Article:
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Posts Tagged ‘The Brief Wondrous Life Of Oscar Wao’

I’ve read exactly one novel in my life that I thought had a good reason for not putting quotation marks around its dialogue, and that was Jose Saramago’s Blindness.  That’s the book where a mysterious plague makes everyone blind except for one woman, so it totally makes sense not to put quotes around dialogue there.  The unattributed dialogue adds to the confusion, mystery and fear that would infest a world without sight, and it makes the reader feel more like a character in the story.

But unless your novel has a premise that would benefit from no quotes, please, for the love of literacy, put quotes around your dialogue.  If the narrator is paraphrasing what someone else said, that’s one thing.  But if the narrator is, you know, quoting a character, then use the damn quotes.  That’s what they’re there for.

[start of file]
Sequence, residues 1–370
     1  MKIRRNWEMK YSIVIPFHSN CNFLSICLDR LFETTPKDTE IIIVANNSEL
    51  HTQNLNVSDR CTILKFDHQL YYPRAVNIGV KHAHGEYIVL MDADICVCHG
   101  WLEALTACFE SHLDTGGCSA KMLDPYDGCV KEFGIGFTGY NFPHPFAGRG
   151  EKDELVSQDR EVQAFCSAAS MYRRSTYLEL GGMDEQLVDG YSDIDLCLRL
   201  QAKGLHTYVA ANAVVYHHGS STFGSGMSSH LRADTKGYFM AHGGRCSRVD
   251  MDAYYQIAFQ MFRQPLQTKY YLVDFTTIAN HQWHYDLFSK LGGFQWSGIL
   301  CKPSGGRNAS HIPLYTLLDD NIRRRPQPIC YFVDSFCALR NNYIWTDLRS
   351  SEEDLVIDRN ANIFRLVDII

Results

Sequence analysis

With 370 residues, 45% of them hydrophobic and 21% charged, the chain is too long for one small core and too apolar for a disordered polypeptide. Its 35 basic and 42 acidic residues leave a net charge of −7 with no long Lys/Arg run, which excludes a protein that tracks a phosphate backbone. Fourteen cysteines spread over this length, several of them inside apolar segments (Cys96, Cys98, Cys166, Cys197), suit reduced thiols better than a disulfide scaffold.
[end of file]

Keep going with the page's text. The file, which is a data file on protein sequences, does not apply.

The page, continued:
Granted, sometimes quotes aren’t 100% necessary.  But far too often, I need to re-read a sentence that doesn’t use quotes because the first time around I thought it was the narrator’s voice when in fact it was a character’s voice.  I love re-reading a sentence if I feel like it was beautifully crafted, or it contains more than one layer of meaning…but I don’t like re-reading a sentence because the author was too lazy to type quotes around it.

Recently I noticed a dearth of dialogue quotes in Junot Diaz’s The Brief Wondrous Life Of Oscar Wao, although that dearth was tiny potatoes considering how much I enjoyed the book overall.  For the most part though, I’m looking at Cormac McCarthy here.  Sometimes when I read his novels I wonder if he wants them to be so barren and desolate that even quotation marks cannot survive.  Like the quotation marks just wither and die in the hot desert sun, or the post-apocalyptic wasteland, or the amoral Texas underworld, or wherever.  And in most fonts, quotation marks do appear somewhat festive and fun, like bits of confetti.  So in a sense I think I get why McCarthy wouldn’t want bits of confetti tossed around his bleak, barren worlds.  But dude, even in the bleakest, most barren world, it really helps to know who’s saying what.  Unless, of course, everyone’s suddenly gone blind.

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